Three albums ago Japanese rock band the GazettE – who hail from the Japanese underground “visual kei” scene, where artists are as concerned as much with looks as with music – moved from their independent label to Sony. In doing so they proved that a rock cliché is a rock cliché no matter what country you hail from. Yes, fans claimed their major label output wasn’t as good; it was all about chasing sales, relying on a formula. Sony wouldn’t have cared. If the Gazette were chasing sales, it was working, as their fanbase grew worldwide,
But with “Dogma”, their eighth album, the GazettE appear to be back to experimenting, innovating and trying to come up with something a little more audacious. Not that it all works mind you.
Instrumental album opener “Nihil” is an unfortunately brief foray into dubstep territory, giving way to a harpsichord and some satisfyingly crunchy guitar work. This segues nicely into title track “Dogma” which give us an indication of how versatile the GazettE can be, effortlessly mixing doom-laden riffs and sinister vocals with an almost catchy clean vocal bridge/chorus.
Follow ups “Rage” and “Dawn” up the heavy ante with some crushing guitar work, but vocalist Ruki still manages to show he can meld a catchy chorus into their midst.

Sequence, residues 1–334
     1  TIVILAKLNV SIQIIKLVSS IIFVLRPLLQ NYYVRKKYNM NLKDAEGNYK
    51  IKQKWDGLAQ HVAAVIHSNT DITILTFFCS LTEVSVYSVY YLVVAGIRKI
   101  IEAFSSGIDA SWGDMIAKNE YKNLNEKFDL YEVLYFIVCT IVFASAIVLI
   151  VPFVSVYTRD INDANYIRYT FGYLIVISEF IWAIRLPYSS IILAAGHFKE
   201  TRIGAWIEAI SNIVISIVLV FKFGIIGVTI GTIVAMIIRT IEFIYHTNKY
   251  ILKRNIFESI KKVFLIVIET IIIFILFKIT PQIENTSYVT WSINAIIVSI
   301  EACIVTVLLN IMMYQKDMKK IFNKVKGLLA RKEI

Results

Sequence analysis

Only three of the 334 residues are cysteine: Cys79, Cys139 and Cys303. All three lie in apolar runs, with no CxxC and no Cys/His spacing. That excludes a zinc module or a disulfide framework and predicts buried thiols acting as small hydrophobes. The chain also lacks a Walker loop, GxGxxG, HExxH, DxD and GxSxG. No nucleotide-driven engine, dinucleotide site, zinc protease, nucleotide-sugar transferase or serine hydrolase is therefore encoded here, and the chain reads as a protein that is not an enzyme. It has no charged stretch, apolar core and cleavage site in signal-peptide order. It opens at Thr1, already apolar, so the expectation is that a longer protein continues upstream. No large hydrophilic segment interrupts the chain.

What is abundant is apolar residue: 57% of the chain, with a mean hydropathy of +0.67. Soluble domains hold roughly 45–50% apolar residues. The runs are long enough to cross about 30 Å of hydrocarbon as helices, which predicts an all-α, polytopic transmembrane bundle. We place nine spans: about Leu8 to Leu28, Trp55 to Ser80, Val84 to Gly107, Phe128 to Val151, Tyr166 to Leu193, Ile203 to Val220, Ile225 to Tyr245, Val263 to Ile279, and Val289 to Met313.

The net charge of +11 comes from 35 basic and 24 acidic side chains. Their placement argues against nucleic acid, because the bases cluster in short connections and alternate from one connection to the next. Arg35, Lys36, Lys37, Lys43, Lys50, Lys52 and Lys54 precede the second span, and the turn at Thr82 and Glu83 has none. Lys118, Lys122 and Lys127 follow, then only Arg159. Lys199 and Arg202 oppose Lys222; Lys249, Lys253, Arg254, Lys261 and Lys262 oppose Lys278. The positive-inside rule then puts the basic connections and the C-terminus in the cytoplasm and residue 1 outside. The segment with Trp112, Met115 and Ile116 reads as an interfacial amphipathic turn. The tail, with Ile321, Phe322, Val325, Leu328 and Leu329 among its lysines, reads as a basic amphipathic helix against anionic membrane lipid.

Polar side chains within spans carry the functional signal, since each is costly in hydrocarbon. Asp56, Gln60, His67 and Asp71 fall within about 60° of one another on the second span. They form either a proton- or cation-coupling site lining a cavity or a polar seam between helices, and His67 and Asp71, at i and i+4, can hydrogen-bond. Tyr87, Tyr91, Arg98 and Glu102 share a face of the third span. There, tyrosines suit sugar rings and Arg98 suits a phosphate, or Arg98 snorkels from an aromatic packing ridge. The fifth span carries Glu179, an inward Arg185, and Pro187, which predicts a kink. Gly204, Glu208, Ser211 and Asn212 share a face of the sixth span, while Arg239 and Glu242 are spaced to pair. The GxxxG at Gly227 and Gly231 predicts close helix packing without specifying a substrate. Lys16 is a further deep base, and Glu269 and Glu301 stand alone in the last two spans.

Here the GazettE are at their best and most powerful, with front man Ruki growling over heavy riffs from axe men Uruha and Aoi.
Unfortunately this energy doesn’t carry over to the rest of the album. As we progress, Ruki’s growls give way to more clean vocals, and the guitar work lightens. The harpsichord remains a pleasant and consistent thread throughout but hints that maybe a touch more electronica may have made for a more memorable experience. Not until penultimate track “Blemish” do we return to the energy and drive of those opening tracks. Album closer “Ominous” at least lives up to its name, creepy distorted vocals and that harpsichord would be at home on the soundtrack of any modern horror film. At a little over five minutes it’s also the longest track on the album – most are comfortably under four minutes long.
Ruki’s range is impressive throughout, from a growling baritone to a screeching falsetto, mixing English and Japanese (although most of the clean vocals stick with his native Japanese).
Production is, as you would expect from a name like Jenson, slick throughout. Although maybe a little roughening around the edges could have helped bring some urgency to the proceedings.
the GazettE can certainly bring the heavy, but the disjointed nature of the tracks here gives a feeling that they never quite hit their stride. They could certainly never be accused of playing it safe, but perhaps if they stuck to growls and guitars this may have been a very different album. Scott Douglass
• Now available to download on iTunes and to buy in physical form from Amazon.